After Mark Sanford, Eliot Spitzer, John Ensign, and now Anthony Weiner, a sex scandal involving a male politician is barely even shocking anymore. What would be shocking? A sex scandal involving a female politician. And research points to a reason for that other than the widely accepted “boys will be boys.” Women are less likely to run for office than men, and when they do so, it’s because they want to “do something,” says one expert. Men, on the other hand, run because they want to “be somebody.” As a result, women handle the job differently once elected, the New York Times reports.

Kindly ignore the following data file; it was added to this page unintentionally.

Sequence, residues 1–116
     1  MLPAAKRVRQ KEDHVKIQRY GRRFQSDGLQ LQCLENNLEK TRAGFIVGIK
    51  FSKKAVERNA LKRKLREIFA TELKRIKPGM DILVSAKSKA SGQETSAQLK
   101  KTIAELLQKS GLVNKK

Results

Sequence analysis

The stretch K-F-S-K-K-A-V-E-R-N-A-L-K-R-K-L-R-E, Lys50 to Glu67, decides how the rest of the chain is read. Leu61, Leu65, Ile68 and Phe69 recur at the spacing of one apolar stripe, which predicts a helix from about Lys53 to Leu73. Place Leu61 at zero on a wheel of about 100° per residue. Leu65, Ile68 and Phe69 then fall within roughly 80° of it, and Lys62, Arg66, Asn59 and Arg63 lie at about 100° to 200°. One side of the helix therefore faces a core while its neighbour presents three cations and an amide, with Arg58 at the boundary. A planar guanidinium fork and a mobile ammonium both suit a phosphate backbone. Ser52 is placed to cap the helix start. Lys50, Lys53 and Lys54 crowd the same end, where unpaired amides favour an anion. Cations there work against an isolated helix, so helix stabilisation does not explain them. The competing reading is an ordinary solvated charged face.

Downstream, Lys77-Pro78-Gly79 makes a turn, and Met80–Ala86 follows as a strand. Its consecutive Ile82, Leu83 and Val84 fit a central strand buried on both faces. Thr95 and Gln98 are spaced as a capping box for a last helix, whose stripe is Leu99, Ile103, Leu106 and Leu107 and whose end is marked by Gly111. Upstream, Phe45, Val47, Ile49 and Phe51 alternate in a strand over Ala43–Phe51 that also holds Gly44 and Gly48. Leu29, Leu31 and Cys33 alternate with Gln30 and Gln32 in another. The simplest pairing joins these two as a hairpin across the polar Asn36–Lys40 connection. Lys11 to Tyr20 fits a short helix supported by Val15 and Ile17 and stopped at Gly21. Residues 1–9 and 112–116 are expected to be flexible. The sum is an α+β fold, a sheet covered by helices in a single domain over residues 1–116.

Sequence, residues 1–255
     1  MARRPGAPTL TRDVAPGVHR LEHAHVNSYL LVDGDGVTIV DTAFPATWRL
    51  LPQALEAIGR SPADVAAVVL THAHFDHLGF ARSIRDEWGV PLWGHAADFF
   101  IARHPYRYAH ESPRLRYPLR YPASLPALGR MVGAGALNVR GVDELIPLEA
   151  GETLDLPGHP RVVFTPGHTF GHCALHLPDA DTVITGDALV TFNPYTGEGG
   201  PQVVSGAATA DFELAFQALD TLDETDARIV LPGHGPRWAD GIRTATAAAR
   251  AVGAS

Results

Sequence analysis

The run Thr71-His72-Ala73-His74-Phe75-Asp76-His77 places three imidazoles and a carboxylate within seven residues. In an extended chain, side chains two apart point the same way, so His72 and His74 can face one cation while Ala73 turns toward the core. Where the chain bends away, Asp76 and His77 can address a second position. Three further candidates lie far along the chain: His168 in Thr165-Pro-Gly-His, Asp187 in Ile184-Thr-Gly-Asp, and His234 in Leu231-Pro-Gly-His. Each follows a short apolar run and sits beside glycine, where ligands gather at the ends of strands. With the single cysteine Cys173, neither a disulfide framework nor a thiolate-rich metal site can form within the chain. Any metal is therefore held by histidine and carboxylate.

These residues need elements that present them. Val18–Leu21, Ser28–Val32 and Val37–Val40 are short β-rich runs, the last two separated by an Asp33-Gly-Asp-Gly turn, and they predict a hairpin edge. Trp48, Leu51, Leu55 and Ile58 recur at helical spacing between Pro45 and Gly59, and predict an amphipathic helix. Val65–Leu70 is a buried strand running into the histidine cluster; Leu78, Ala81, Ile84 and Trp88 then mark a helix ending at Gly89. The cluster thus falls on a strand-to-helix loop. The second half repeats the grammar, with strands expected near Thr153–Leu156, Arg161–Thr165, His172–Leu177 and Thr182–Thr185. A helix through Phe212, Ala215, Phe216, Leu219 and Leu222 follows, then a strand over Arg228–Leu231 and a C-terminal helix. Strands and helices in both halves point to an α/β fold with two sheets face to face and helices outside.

Female politicians feel scrutinized and under pressure to work harder and prove themselves, says another expert. Though there are fewer of them in the House of Representatives, women introduce more bills and give more of the short speeches that open daily sessions. That’s not to say there are no female sex scandals in politics—just last year, Nikki Haley was accused of adultery—but they seem tame in comparison to their male counterparts. “There are certain men that the more visible they get, the more bulletproof they feel,” says President Clinton’s former press secretary. “You just don’t see women doing that; they don’t get reckless when they’re empowered.”